The Valley of the Mushrooms is simply a place where the rocks look like mushrooms. Here, again, there were a few Tarahumara selling their goods.
As we continued on, driving through the reservation, we saw homes scattered along the hills, cows walking in the road and a few Tarahumara Indians. Mostly there were women, but a few men. The men's traditional clothing is a loincloth, but many have adapted Western ways - especially during the colder months - and wear jeans and collared shirts.
Our next stop was the San Ignacio Mission, built in the 1700s by the Jesuits. Here they have Sunday services. After the service, the women sit in a room together with the Governor of the tribe who listens to their current needs, offering help where he can.
Not far from the mission is one of the schools. The few schools they have are boarding schools. The children are sent for the week or, more likely, for the entire school year. I am told that the parents send them to school more for the fact that they are going to be fed then for their education. I find it hard to imagine sending my child off for a year, but I realize primary needs rule over the emotional desires of a mother, or rather are the primary desires of the mother, to have their children survive.
As we leave this area, we travel to another beautiful park area called Arareko Lake. Our driver makes a turn and starts down a dirt road and after crossing a few creeks comes to a stop. This is where a young boy of fifteen jumps on the bumper of our truck and rides the rest of the way with us. At first, it is startling. But then we realize, our guide and this boy know each other.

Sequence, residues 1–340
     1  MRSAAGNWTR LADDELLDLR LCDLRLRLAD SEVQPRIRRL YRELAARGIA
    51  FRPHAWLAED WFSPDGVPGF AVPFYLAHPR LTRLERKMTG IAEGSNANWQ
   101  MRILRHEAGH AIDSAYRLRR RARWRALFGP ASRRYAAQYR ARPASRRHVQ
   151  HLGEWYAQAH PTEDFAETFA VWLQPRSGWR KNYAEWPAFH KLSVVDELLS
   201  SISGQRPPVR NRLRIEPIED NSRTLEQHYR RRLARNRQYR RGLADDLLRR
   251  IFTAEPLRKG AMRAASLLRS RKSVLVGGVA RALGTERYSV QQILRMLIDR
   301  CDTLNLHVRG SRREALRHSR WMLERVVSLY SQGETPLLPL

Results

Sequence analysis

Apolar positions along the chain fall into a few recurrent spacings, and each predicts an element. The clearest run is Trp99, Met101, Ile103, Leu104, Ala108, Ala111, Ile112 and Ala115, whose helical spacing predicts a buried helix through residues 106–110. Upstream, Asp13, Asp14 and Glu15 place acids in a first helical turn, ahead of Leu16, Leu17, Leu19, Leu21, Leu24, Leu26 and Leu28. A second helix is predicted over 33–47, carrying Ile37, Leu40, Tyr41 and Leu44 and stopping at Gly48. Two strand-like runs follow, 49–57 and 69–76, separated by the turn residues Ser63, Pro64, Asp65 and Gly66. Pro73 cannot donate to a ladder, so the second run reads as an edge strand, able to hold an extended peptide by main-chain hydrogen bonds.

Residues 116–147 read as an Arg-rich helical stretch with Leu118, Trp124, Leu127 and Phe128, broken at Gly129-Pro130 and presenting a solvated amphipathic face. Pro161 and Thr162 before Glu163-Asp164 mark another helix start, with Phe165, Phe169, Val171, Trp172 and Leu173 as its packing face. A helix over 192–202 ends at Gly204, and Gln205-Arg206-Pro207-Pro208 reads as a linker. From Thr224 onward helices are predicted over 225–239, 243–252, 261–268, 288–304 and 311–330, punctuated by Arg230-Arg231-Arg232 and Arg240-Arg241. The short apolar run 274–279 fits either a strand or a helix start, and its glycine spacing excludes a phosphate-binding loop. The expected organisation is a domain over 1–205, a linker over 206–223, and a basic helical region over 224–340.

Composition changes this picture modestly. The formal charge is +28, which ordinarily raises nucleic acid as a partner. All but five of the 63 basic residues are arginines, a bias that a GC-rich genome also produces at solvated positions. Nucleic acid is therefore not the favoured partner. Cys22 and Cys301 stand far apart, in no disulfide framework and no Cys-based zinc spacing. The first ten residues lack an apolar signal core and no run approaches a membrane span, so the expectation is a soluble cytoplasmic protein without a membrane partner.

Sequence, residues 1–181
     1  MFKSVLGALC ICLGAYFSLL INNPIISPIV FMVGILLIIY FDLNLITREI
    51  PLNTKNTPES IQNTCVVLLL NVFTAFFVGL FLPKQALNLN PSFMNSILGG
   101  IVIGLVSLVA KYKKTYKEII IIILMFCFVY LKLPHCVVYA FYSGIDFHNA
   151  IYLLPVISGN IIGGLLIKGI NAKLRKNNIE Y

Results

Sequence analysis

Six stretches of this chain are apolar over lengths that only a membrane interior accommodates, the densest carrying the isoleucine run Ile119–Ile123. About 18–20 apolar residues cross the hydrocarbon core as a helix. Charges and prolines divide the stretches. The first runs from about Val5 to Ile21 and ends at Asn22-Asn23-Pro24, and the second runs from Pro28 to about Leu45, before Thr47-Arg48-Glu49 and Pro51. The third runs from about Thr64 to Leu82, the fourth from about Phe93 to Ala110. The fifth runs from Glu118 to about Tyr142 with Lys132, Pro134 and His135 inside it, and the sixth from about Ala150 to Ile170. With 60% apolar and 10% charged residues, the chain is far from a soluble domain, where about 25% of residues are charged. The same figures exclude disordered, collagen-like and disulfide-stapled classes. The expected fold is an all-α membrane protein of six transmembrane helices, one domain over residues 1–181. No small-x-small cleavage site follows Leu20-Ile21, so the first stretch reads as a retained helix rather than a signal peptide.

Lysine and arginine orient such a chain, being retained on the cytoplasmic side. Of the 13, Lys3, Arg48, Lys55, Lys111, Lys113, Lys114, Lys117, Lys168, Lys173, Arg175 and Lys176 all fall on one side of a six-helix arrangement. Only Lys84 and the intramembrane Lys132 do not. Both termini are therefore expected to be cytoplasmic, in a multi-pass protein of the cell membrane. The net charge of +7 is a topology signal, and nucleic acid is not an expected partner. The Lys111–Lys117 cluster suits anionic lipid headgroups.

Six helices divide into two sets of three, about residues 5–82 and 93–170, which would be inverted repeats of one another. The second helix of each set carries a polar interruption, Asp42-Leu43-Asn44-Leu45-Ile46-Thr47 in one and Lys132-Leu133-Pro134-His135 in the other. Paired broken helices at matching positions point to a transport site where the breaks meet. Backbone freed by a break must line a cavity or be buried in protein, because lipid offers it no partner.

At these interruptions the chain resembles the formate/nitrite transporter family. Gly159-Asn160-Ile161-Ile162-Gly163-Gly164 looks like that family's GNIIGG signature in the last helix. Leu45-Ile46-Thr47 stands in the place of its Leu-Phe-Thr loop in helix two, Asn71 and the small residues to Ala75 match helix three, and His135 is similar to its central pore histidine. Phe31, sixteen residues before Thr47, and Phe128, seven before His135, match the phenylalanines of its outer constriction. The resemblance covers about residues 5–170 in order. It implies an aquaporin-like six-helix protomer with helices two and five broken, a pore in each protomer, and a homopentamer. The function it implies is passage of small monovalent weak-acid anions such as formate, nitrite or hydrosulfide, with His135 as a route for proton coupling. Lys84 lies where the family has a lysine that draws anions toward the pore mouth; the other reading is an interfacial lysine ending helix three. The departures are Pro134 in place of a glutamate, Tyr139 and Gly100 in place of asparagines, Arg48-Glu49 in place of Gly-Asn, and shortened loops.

We parked and began our walk to the Cusarare Falls. This boy followed us. He directed our path. He lent us a hand when we walked around rocks or over fallen limbs. It took us a few minutes to figure out, but he was our self-appointed local guide, His name was Alejandro and this was his job. He hops a ride in with the guides and then walks along to help, hoping to earn a tip. And then he rides back to the entrance, once again on the bumper, to await the next tourist group.
He was sweet and helpful and we were glad to support his job.
Along the way, there were more Tarahumara women with their baskets, etc. for sale. We were told that they travel here every day from the reservation. This is how they earn a living. We supported them too by buying some of their art.
The walk, itself, was a nice hike through the woods, alongside a creek until we reached the waterfalls. Though it was heading into the dry season, the falls were still flowing and it was good to get out of the car and stretch our legs.
Five hours later, we headed back to Creel for dinner and a good night's sleep as the next day we had planned a two day trip down to Batopilas. A town that lies at the bottom of the canyon. We were looking for the origins of the region but what we found was a new uncomfortable truth.
(More photos in gallery)